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Choosing A Medical School: Course Types (Part Two)

Choosing a medical school can be daunting, especially when considering the type of course you want, and where you want to study. Not sure of the difference between Problem-Based Learning (PBL) and a traditional course?

This blog will help you to consider the key factors in choosing the right Medicine course for you – from deciding on location to different course structures. This is the second part of a three-part series on how to get ahead with choosing a medical school by looking at your options in Year 12. You can read Part One here.

1. Investigate course length and fees

The majority of medical schools offer a five-year course, with many offering the option to intercalate (gain the equivalent of a second degree) between the third and fifth years. For other courses, intercalation is compulsory, making the course six years long.

Most medical schools charge £9,000 per year tuition fees, but fees may differ for Scottish students and non-EU students. A handful of private medical schools have now also opened around the country which charge tuition fees of around £36,000 to all students, but these are few and far between.

2. Think about how you’d like to learn Medicine

There are four main types of Medicine courses in the UK: foundation, PBL, integrated and traditional.

If you aren’t studying sciences at A-Level, or have already taken your A-Levels but didn’t quite make the grades needed to get into Medicine, you might need to consider applying to a foundation course, which are only offered at certain medical schools.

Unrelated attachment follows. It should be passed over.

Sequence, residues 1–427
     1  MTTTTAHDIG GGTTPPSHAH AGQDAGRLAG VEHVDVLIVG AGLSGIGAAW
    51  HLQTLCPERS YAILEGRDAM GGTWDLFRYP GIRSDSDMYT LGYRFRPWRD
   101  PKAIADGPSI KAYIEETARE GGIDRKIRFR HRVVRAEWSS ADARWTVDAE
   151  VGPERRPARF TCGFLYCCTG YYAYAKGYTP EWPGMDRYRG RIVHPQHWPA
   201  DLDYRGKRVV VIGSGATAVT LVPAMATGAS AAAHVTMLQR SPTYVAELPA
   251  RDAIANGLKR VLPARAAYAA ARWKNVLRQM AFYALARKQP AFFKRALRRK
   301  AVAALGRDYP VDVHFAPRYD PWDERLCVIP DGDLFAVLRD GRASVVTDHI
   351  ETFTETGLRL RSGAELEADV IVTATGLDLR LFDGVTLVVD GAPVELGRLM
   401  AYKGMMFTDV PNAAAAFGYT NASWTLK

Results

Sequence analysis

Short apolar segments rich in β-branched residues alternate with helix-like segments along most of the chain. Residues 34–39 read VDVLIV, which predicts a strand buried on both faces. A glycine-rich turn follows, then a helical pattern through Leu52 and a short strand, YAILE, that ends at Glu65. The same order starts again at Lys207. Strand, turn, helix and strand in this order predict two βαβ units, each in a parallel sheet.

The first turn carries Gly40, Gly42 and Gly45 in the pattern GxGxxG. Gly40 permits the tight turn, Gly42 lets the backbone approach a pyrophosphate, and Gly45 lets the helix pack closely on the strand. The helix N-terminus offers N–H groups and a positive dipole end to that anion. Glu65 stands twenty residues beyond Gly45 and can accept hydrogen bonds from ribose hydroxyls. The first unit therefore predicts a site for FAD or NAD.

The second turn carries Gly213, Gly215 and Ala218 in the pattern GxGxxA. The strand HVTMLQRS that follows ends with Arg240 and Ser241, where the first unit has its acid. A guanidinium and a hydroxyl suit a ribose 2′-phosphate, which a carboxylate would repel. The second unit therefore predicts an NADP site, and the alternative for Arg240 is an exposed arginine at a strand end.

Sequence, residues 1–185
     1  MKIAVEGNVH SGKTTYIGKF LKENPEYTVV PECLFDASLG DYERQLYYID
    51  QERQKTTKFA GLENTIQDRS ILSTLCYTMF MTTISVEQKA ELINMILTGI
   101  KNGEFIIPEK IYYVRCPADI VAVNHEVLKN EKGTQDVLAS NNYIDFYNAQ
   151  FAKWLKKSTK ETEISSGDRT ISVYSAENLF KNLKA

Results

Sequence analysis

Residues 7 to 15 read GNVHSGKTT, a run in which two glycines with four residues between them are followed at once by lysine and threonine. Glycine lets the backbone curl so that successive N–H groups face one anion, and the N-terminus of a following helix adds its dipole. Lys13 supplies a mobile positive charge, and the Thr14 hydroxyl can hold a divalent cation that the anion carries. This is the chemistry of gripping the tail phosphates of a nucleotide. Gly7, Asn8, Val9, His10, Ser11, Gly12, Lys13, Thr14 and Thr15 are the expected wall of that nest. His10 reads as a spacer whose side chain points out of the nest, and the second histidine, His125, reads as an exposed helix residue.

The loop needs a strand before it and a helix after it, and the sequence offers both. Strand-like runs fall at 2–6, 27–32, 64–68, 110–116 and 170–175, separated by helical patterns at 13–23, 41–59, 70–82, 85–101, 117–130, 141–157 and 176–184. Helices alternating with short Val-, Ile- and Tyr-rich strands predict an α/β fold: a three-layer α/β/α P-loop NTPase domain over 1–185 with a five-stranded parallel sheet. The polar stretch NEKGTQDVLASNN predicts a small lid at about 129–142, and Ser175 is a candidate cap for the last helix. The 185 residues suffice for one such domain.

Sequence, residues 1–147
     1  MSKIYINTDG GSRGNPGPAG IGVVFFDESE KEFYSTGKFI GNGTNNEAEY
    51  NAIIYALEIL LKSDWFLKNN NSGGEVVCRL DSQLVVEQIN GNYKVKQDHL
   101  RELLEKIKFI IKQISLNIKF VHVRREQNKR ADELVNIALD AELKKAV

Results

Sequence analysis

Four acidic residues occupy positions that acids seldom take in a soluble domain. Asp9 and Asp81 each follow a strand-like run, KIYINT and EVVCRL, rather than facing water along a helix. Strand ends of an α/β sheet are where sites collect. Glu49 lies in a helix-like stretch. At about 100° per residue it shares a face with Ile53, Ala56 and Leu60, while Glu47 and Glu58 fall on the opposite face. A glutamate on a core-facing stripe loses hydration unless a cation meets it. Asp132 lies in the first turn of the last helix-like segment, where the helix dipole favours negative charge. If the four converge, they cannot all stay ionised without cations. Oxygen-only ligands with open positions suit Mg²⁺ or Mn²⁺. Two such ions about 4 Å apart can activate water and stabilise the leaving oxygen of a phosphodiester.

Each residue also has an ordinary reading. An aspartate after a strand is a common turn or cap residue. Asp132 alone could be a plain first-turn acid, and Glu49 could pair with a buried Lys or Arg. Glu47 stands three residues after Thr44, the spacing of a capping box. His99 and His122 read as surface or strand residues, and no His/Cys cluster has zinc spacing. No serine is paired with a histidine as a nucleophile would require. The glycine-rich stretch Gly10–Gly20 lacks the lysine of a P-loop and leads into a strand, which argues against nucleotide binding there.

PBL courses are more suited to those who prefer self-directed group learning, with a focus on clinical scenarios, whereas traditional courses separate pre-clinical and clinical teaching and have a more academic emphasis.

Integrated courses combine elements of PBL, clinical teaching and traditional courses from the very beginning. Each medical school is unique in how they deliver their course, so it’s important to think about which style of teaching/learning is best for you. TMP has a Medical School Comparison Tool which allows you to compare course types across all UK medical schools.

3. Consider where you’d like to study

Do you want to be close to home? Do you want to move as far away as possible? Do you want to live in a city or in a campus environment? While a medical school’s geographical location might not seem like a deciding factor, it’s an important thing to consider.

If you think you’ll be visiting home a lot during term-time, you’ll need to consider transport links and prices. Some regions of the UK also have inherently higher living costs, although you should remember that a higher maintenance loan is currently available for students studying in London.

Words: Katie Hodgkinson

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